Michael's Hosta divisions, ready to pot up.

Michael’s Hosta divisions, in good, rich soil, ready to pot up.

So thank you, Michael, for offering this exchange. 

Not only is it fun to trade plants, it is a very economical way to expand one’s garden.

These divisions are potted up with a rooted Cane Begonia cutting, which will have white flowers.

These divisions are potted up with a rooted Cane Begonia cutting, which will have white flowers.

I shipped USPS Priority Zone  Mail, and paid a little less than $7.00 for postage, which included tracking and $50 in insurance.

Here is the Begonia before I planted it tonight.  See the new stem growing from a node?  The rooted cuttings I sent to Michael already had miniature plants growing from the node, ready to grow into a new plant quickly.  These Begonia canes have been rooting in water for several weeks.

Here is the Begonia before I planted it tonight.   See the new stem growing from a node? The rooted cuttings I sent to Michael already had miniature plants growing from the node, ready to grow into a new plant quickly. These Begonia canes have been rooting in water for several weeks.

The plants traveled from Virginia to South Carolina in a day and a half.

Michael shipped Fed Ex.  It took about the same time, and his well packaged plants arrived in great condition.

These newly planted Hosta divisions looks a little droopy, right after planting, but will adjust quickly to their new home.  Hostas need shade and moisture to thrive.  These got a drink of Neptune's Harvest fish and seaweed emulsion immediately.  The roots are strong, and new leaves will appear with a week or so.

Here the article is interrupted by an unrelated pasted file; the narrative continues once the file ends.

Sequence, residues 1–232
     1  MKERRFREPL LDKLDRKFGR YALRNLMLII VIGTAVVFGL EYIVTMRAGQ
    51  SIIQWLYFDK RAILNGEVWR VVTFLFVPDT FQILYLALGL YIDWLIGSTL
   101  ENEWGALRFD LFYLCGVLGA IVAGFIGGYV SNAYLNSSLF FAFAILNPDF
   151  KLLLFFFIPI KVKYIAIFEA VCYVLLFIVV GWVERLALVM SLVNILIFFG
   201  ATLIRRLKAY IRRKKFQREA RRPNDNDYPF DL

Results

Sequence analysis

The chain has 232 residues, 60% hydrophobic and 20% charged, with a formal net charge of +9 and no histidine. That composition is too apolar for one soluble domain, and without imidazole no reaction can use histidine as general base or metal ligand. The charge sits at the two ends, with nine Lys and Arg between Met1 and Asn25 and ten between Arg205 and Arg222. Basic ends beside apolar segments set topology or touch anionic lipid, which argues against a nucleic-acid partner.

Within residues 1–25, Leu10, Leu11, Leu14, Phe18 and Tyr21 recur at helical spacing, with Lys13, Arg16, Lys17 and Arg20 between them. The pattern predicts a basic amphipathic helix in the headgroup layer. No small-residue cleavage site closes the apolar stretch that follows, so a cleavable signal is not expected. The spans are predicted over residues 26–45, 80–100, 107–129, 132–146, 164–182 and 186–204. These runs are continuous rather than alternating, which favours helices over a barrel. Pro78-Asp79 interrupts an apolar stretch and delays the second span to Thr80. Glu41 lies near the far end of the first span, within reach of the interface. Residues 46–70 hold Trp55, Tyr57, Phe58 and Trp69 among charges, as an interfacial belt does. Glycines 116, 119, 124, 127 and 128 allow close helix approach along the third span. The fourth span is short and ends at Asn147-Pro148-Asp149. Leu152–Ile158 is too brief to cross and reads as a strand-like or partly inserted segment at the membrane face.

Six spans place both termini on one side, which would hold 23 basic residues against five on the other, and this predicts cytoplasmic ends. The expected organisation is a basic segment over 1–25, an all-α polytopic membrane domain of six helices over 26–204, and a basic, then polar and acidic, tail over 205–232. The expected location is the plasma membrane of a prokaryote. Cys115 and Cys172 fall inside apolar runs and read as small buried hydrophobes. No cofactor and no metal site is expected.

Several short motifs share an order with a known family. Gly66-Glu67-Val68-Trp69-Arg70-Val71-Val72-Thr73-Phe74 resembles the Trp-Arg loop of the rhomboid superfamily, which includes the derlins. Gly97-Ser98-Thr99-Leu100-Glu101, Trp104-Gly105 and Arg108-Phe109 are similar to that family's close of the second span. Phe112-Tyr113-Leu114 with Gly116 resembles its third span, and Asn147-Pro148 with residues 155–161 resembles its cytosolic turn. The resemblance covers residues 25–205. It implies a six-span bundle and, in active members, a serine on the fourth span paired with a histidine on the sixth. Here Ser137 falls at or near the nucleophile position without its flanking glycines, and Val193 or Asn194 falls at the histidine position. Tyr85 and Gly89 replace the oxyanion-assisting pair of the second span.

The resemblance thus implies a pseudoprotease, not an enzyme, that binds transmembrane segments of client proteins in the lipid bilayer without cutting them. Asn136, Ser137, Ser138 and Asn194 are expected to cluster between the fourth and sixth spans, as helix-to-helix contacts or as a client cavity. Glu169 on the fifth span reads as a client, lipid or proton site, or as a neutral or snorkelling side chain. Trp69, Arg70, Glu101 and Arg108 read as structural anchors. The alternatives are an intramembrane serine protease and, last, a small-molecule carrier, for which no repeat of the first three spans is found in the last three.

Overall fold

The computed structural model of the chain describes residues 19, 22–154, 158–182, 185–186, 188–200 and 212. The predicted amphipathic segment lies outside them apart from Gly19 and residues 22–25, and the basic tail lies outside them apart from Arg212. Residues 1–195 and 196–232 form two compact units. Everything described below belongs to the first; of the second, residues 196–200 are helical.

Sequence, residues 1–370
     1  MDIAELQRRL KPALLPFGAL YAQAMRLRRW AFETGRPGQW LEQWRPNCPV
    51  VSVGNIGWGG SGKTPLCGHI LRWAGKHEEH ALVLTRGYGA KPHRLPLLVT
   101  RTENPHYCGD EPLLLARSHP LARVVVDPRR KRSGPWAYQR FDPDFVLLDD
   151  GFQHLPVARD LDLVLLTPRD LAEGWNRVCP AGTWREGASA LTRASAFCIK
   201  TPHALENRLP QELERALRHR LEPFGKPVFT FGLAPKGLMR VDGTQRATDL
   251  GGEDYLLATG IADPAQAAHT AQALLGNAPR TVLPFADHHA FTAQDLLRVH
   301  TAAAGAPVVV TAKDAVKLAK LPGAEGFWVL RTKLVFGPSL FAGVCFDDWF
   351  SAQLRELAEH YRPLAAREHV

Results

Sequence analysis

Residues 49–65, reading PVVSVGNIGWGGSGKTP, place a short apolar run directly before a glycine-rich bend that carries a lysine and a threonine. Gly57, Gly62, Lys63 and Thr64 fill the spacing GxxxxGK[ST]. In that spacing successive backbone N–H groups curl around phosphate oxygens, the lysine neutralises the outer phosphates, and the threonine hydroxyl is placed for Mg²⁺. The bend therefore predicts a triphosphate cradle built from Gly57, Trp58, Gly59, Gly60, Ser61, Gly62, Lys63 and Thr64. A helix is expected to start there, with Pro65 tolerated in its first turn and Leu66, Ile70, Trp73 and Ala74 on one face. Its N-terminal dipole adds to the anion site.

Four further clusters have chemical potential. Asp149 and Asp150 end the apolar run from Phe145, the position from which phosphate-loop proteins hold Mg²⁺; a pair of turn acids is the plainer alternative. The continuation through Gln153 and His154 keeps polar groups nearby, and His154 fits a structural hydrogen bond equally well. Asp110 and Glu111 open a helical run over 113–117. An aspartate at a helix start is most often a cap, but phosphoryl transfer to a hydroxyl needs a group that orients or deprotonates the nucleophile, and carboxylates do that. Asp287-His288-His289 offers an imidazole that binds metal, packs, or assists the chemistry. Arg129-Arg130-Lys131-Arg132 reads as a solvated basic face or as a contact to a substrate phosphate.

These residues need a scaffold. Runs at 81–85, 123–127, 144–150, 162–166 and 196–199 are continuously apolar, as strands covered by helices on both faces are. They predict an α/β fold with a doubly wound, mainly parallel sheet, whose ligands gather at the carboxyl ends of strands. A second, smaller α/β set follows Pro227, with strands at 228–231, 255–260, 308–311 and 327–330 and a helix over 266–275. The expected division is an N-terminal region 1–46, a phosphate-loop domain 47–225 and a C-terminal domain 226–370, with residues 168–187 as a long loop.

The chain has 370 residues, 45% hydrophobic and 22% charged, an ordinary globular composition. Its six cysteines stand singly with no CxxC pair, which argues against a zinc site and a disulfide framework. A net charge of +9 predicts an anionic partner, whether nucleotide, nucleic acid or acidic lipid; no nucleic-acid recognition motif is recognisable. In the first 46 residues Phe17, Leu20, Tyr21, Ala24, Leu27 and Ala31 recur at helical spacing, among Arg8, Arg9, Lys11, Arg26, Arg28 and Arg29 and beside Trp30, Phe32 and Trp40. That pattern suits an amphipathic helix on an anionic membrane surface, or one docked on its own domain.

These newly planted Hosta divisions looks a little droopy, right after planting, but will adjust quickly to their new home. Hostas need shade and moisture to thrive. These got a drink of Neptune’s Harvest  fish and seaweed emulsion immediately after planting. Their  roots are strong, and new leaves will appear with a week or so.

We both poked holes in the boxes for ventilation, and packed the roots of our plants in damp medium and Ziplock bags.

So if you’d like to grow H. Lemon Lime for yourself, and have something interesting to trade, please hop over to Michael’s site and leave him a message.

He has great photos of the mature Hosta in bloom on this page, should you want to take a look at the beautiful flowers it produces each summer.

I promise you it is well worth the effort.

July 18, 2014 package 029

Photos by Woodland Gnome 2014

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About woodlandgnome

Lifelong teacher and gardener.

4 responses to “Trades